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Consistent feature attribution for tree ensembles
Scott Lundberg, Su-In Lee
Jun 16, 2017 (modified: Jun 19, 2017)ICML 2017 WHI Submissionreaders: everyone
Abstract:It is critical in many applications to understand what features are important for a model, and why individual predictions were made. For tree ensemble methods these questions are usually answered by attributing importance values to input features, either globally or for a single prediction. Here we show that current feature attribution methods are inconsistent, which means changing the model to rely more on a given feature can actually decrease the importance assigned to that feature. To address this problem we develop fast exact solutions for SHAP (SHapley Additive exPlanation) values, which were recently shown to be the unique additive feature attribution method based on conditional expectations that is both consistent and locally accurate. We integrate these improvements into the latest version of XGBoost, demonstrate the inconsistencies of current methods, and show how using SHAP values results in significantly improved supervised clustering performance.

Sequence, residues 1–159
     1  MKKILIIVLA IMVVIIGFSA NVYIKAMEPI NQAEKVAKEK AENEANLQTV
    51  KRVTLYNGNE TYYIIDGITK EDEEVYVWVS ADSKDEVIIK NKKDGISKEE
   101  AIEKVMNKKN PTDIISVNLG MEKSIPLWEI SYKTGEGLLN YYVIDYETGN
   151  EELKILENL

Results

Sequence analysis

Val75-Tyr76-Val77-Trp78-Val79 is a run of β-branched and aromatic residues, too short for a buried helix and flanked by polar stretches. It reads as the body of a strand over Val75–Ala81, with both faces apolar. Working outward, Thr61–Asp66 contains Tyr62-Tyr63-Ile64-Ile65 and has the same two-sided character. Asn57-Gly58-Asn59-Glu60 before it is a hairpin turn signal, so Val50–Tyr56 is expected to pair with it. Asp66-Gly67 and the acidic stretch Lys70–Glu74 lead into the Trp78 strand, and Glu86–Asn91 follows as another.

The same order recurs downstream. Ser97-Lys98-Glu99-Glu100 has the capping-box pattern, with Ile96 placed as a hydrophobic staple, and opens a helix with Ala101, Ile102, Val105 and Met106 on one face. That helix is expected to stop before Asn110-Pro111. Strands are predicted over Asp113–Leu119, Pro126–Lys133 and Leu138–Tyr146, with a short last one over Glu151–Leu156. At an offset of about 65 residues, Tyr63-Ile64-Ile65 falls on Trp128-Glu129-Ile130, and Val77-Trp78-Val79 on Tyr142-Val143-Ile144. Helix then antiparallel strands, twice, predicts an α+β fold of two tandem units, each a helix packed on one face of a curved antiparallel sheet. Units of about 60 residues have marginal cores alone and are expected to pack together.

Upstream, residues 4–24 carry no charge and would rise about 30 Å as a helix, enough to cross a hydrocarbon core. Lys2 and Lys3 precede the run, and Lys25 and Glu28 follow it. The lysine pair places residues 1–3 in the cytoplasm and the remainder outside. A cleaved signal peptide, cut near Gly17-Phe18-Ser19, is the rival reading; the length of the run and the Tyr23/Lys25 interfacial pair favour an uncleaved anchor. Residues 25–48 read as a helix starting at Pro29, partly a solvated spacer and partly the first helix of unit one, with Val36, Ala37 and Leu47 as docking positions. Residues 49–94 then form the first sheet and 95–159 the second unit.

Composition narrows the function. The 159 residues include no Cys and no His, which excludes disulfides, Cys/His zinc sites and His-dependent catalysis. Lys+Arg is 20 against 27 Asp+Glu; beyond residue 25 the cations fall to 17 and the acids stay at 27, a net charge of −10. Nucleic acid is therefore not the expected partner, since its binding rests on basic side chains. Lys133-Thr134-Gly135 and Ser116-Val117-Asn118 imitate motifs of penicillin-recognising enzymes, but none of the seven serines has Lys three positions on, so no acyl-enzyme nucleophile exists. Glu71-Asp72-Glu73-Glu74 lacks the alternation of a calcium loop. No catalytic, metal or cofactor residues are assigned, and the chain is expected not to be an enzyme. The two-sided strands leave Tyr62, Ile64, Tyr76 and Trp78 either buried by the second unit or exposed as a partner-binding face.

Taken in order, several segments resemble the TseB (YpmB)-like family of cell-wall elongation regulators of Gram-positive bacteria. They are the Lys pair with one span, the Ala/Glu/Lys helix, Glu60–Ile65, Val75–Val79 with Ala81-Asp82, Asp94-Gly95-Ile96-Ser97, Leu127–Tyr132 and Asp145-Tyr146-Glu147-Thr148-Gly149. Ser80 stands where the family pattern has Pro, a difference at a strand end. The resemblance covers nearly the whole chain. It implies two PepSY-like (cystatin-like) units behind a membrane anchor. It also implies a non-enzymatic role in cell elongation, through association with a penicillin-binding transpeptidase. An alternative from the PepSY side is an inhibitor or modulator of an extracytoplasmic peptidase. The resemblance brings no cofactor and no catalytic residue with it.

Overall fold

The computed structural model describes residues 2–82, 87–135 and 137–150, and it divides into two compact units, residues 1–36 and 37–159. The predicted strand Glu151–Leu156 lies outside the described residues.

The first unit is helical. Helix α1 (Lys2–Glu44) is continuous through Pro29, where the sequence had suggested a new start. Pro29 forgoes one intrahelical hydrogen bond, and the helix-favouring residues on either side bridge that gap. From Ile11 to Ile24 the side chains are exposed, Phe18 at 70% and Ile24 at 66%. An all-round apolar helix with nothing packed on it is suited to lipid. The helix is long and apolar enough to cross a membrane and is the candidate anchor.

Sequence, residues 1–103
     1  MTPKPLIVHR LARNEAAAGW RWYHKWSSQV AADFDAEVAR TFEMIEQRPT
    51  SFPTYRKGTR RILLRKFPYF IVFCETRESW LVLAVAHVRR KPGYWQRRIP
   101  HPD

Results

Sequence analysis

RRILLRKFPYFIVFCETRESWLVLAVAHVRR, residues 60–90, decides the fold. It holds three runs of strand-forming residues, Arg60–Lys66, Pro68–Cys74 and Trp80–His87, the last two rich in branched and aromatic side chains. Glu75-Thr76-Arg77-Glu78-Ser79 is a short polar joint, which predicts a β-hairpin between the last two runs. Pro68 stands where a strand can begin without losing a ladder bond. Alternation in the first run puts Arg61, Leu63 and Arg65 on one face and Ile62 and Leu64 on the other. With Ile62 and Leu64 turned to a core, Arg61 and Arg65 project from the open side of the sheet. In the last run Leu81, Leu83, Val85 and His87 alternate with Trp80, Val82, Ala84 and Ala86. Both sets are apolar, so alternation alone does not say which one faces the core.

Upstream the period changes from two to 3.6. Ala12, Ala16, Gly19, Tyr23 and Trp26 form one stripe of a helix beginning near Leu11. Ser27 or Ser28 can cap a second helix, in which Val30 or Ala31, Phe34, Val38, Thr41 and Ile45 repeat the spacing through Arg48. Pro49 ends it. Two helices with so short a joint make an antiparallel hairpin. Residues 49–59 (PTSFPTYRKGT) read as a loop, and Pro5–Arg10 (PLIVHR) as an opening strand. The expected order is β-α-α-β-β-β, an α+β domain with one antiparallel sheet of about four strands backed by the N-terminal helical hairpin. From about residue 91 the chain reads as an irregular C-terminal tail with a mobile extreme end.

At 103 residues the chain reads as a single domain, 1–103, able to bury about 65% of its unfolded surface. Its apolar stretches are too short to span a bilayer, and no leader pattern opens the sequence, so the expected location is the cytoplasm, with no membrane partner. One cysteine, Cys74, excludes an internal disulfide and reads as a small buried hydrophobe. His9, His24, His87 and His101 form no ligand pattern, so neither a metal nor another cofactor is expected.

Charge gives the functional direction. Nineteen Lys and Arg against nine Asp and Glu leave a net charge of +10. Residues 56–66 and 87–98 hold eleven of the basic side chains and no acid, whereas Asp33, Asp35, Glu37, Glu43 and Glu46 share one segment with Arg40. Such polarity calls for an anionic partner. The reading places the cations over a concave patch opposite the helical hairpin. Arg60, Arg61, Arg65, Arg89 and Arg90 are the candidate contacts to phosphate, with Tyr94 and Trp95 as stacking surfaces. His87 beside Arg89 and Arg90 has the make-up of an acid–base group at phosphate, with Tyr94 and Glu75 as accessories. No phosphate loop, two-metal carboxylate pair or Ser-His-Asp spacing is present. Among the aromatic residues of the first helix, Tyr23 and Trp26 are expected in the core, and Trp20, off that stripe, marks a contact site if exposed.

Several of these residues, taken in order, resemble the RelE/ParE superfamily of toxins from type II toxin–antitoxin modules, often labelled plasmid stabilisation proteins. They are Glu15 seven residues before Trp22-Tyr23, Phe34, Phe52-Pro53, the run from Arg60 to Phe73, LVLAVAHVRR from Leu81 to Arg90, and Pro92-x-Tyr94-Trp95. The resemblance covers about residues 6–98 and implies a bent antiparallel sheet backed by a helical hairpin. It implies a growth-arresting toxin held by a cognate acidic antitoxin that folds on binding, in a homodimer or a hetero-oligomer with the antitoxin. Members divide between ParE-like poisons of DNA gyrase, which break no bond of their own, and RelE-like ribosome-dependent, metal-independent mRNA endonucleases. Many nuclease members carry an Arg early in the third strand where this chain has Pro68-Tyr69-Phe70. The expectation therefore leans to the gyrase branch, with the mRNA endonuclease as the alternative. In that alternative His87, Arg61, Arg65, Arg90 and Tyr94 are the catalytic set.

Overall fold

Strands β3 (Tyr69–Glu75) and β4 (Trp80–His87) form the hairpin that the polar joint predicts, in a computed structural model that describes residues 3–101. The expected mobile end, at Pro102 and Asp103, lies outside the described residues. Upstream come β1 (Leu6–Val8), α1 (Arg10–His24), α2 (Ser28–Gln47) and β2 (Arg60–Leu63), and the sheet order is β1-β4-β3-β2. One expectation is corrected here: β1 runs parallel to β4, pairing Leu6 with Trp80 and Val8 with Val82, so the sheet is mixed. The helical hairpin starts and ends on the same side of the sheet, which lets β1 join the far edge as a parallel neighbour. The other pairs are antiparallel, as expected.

Feature importance values are a key part of understanding widely used models such as gradient boosting trees and random forests. We believe our work improves on the state-of-the-art in important ways, and so impacts any current user of tree ensemble methods.
TL;DR:Current methods for interpreting tree ensembles are inconsistent, we present fast algorithms for SHAP values to address this problem.
Keywords:SHAP values, tree ensembles, feature attribution, supervised clustering, Shapley
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